Kaczyński: if we don’t defend our values we’ll end up like Ireland

The leader of the ruling Law and Justice (PiS) has said that unless he and his party continue to opposed culturally alien novelties from the west Poland could end up being like Ireland, a country once Catholic, now considered by Jarosław Kaczyński as being a “Catholic desert with LGBT ideology out of control”.

A significant part of Mr Kaczyński’s interview with the weekly “Sieci” was taken up with the disputes taking place within the ruling block over axiomatic issues. “Solidarity Poland” and its leader, the justice minister Zbigniew Ziobro, have hinted that PiS as a whole is not being either principled or radical enough over fighting ‘LGBT ideology’ or propagating traditional values.

Mr Kaczyński said that he may sometimes disagree with “Solidarity Poland” over tactics, but not over the need to defend traditional values. He argued that there was a need to put up a strong defence of these values, otherwise Poland could end up like Ireland.

In Jarosław Kaczyński’s opinion Ireland was until recently a country so Catholioc that it made Poland look like a heathen place. But today “it’s a Catholic desert with LGBT ideology totally out of control”.

The PiS leader argues that the way to combat ideas which he considers hostile to traditional civilisation and Polish traditions should mainly be by persuasion and by pushing back against political correctness. But he does not rule out, where necessary, legal measures without specifying what they might be.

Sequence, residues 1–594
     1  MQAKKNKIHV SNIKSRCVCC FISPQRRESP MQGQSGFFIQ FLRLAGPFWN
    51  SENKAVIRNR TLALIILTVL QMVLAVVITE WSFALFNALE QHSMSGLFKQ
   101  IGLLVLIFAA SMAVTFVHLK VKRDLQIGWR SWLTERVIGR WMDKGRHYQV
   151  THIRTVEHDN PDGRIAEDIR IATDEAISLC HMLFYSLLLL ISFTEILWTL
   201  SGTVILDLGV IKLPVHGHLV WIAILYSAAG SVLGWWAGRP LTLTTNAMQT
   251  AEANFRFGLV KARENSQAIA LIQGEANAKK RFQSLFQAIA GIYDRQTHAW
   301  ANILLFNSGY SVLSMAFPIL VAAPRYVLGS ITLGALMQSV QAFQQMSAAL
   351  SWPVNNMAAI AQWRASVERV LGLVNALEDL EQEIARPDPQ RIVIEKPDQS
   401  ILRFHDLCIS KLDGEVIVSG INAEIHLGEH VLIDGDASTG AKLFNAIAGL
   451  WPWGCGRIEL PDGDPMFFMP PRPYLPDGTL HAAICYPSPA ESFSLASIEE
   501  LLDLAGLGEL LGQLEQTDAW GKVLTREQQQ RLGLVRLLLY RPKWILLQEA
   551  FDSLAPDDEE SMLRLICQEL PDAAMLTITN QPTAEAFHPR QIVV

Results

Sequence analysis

Mr Kaczyński argues that it is in schools where the first line of defence for “our civilization” must be drawn. He says he is not arguing for any form of censorship as that is counterproductive. But he does see the need for the state to come down firmly in favour of traditional values in what is taught in schools. Children must be taught the difference between right and wrong, he feels.

The PiS leader argues that the problem is that there are strong commercial interests which want a society “without any identity”, a “collection of consumers” who will “supply money and power”. For such interests all structures based on identity such as nation states and church congregations are an “obstacle” said Mr Kaczyński.

Mr Kaczyński confirmed that he is well aware of the fact that the provocations being organised by LGBT activists will be used in attempts to limit EU funding for Poland. This is because the charge of homophobia or transphobia is, in European circles “tantamount to being accused of Nazism”. But PiS was only defending traditional values and would have nothing to do with any totalitarian ideology, concluded Mr Kaczyński.

No coalition with PSL and no enthusiasm over the return of Mr Gowin

In his wide-ranging interview Mr Kaczyński confirmed that he had spoken to the leader of the Polish People’s Party (PSL) Władysław Kosiniak-Kamysz about a government coalition but he assesses the PSL leader to be “definitely on the other side” (committed to remaining in opposition). But he did say that some MPs in the PSL dominated “Polish Coalition” parliamentary caucus were more amenable to working with PiS. However the number of such MPs (half a dozen from the “Kukiz’15” movement led by the rock musician Paweł Kukiz) would not be a significant enough addition for Mr Kaczyński to be able to contemplate swapping them for either “Agreement” (which has 18 MPs) or “Solidarity Poland” (20 MPs) when Mr Kaczyński’s parliamentary majority is relatively small (235 out of 460 MPs).

Mr Kaczyński voiced his doubts about the feasibility and desirability of the leader of the smaller partner “Agreement” party Jarosław Gowin returning to the government. The PiS leader felt that while such a return may be welcome for political reasons, reactions within the PiS parliamentary caucus to Mr Gowin returning would be unfavourable as, according to Mr Kaczyński, Mr Gowin had crossed a line in opposing the holding the presidential election in May, which should not have been crossed. In reminding about what he considers to be past disloyalty Mr Kaczyński is sending the “Agreement” party a message to think again over nominating Mr Gowin.